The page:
According to a Reuters article by Linda Stearn, August 2, 2011, almost all discretionary federal spending will face some cuts over the next 10 years, with defense spending taking a comparatively heavy hit of about $350 billion of the projected cuts.

No. 3: Super Committee can raise taxes & cut entitlements

More ominously still, the deal sets up a bipartisan 12-member congressional committee to find another $1.5 trillion in cuts. But the Super Committee is not restricted to just discretionary spending cuts! Instead, its menu is wide open and can include Social Security reductions or tax increases. If that committee fails to come up with at least $1.2 trillion in savings – or Congress doesn’t approve its recommendations by December 23 – automated cuts begin to get triggered. Those cuts would be deep, hitting Medicare and the military but sparing Social Security, Medicaid and a handful of other programs.

Remember the Republicans who voted for this bill. I’ll find out who they are and post their names in a post to come.

H/t beloved fellow Anon.

~Eowyn

John Boehner’s Voodoo Spending Cuts

Republican Speaker of the House John Boehner’s proposal to cut $3 trillion in spending is not what it appears to be.

A “trusted source” told Patriot Action Network that Boehner’s chief of staff admitted that the proposed cuts as rated by the Congressional Budget Office would come to only $29 billion between now and 2012.

But according to CNN’s Deirdre Walsh, the cuts in the first year are even less, amounting to a $24 billion reduction in non-defense discretionary spending. The way the Boehner proposal is structured, it will take more than 10 years for spending cuts of $1.2 trillion.

I looked into what “discretionary spending” means. This is what I found:

Discretionary spending is that part of the U.S. Federal Budget that includes everything that is not in the mandatory budget. The latter, mandatory budget, refers to entitlement programs required by law to provide certain benefits, such as Social Security and Medicare.

Discretionary spending in FY 2010 was $1.3 trillion, or 38% of total spending. More than half ($815 billion) was security spending, which includes the Department of Defense, overseas contingency programs and Homeland Security. Non-security spending was $491 billion, which was spent on such departments as Health and Human Services ($84 billion), Education ($64.3 billion), Housing and Urban Development ($42.8 billion) Justice ($27.6 billion), and Agriculture ($25 billion).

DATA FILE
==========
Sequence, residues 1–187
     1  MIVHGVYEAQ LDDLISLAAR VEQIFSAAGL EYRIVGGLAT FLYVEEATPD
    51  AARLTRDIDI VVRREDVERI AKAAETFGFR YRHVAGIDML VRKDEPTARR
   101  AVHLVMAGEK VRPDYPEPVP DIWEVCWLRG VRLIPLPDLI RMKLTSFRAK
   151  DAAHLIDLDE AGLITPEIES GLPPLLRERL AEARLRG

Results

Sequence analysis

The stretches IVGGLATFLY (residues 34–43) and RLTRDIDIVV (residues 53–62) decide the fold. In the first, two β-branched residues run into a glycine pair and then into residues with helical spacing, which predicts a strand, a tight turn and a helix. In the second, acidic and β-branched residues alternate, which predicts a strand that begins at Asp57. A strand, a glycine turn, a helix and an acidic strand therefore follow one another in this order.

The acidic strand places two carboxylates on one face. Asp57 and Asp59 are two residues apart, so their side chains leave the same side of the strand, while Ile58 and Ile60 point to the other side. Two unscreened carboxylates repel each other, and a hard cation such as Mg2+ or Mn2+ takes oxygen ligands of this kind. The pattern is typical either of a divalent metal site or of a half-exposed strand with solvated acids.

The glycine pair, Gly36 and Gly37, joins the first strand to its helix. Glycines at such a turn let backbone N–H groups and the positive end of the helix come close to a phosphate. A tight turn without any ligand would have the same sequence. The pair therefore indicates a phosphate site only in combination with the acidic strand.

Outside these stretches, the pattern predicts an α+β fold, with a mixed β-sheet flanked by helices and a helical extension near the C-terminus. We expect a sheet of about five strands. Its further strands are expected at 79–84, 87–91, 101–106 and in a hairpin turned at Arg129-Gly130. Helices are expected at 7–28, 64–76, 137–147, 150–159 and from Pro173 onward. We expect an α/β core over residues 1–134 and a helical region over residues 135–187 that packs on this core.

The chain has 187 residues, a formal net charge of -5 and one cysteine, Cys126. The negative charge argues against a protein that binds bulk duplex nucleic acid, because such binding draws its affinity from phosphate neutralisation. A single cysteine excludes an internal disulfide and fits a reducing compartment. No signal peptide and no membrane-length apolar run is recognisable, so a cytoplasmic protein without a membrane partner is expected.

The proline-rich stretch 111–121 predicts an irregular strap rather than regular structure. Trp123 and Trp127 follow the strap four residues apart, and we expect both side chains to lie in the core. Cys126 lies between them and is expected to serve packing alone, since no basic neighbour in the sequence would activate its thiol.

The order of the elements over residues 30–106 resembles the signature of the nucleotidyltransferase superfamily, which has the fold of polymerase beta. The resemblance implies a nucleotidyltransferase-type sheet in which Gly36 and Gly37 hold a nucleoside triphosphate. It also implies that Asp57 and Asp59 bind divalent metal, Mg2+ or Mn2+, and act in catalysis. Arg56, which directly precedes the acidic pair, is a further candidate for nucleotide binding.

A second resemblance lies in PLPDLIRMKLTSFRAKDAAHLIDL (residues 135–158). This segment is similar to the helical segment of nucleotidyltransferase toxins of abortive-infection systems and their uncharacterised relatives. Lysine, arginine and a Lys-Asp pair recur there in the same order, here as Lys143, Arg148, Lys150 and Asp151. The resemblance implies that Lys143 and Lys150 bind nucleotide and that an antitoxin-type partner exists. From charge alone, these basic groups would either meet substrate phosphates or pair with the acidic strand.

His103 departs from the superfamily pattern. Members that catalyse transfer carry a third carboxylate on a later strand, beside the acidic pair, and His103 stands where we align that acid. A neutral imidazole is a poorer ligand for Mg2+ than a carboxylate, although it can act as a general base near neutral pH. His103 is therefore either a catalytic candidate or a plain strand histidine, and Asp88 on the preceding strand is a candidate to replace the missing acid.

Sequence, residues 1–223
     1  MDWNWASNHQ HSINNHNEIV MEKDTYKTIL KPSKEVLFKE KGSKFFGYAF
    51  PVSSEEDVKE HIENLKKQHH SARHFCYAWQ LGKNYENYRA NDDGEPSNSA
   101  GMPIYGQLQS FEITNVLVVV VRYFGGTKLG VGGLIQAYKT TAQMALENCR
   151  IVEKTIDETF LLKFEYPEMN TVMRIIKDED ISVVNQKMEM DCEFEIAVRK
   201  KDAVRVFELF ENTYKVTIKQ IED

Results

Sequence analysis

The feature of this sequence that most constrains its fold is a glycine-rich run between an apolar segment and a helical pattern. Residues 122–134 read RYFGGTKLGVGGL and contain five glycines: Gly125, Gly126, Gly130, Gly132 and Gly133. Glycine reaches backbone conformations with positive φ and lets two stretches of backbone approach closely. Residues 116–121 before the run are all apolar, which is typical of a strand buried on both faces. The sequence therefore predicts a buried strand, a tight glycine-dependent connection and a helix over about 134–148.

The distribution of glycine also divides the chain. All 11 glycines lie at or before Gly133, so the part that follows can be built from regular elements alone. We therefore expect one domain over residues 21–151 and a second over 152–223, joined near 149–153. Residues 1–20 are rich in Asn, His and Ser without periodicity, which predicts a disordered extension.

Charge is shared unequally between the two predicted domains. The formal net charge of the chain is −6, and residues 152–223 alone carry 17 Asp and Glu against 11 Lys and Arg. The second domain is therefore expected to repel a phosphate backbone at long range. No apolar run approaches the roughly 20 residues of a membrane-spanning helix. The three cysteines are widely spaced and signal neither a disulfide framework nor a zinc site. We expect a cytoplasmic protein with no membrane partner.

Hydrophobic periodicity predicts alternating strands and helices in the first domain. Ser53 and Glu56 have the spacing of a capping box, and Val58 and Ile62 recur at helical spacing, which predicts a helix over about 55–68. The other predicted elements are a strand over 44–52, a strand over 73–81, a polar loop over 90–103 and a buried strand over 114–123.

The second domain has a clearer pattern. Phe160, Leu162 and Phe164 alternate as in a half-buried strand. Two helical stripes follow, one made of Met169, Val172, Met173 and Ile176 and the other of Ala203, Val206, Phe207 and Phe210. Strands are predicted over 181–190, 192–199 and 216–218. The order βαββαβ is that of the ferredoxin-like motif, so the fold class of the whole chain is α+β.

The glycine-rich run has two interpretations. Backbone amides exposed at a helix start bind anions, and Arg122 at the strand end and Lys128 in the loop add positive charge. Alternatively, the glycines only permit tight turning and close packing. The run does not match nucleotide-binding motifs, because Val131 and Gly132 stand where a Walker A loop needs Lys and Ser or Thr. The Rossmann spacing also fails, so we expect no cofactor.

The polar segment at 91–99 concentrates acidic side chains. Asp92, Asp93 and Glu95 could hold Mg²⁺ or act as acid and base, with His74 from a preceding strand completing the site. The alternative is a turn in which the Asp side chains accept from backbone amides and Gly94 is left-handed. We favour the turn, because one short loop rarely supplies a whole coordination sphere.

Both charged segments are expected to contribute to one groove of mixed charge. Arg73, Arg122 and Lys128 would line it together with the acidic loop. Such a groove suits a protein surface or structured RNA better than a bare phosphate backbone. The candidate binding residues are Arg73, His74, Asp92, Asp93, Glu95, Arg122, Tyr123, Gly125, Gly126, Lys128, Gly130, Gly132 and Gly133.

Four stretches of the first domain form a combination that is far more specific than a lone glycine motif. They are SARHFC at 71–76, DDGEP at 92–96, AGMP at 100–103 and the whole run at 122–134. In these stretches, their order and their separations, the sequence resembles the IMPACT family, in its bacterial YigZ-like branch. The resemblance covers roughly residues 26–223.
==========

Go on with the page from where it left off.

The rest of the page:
By my calculations, then, in FY 2010:

  • Mandatory spending accounted for 62% of total spending.
  • Discretionary spending accounted for 38% of total spending.
  • Security discretionary spending was nearly 24% of total spending.
  • Non-security discretionary spending was about 14% of total spending.

Boehner’s proposal to cut $24 billion in non-defense discretionary spending will come out of that 14% of total spending. But the news gets even worse. Boehner’s proposed cut of $24 billion is LESS THAN 5% of the total ($491 billion) non-security discretionary spending!!!!!

At this rate, our gargantuan official national debt of $14.3 trillion will just keep increasing. By this Christmas, 2011, US national debt will be $15 trillion — a figure that is more than 20% of the entire world’s combined GDP (Gross Domestic Product) and more than 100% of America’s GDP. This is the same 100%+ debt-to-GDP ratio of the bankrupt European PIIGS (Portugal, Ireland, Italy, Greece, Spain). See “Visualizing U.S. National Debt“.

Another flaw in the Boehner plan is that it will raise America’s national debt limit.

All of which prompted opposition from a large group of fiscal conservatives in the House, led by Ohio Republican Rep. Jim Jordan. “While I thank the Speaker for fighting for Republican principles, I cannot support the plan that was presented to House Republicans this afternoon,” Jordan said in a written statement.

By the way, the fans of Rep. Allen West should know that West is not among this group. Instead, West has sent a message giving Boehner his support.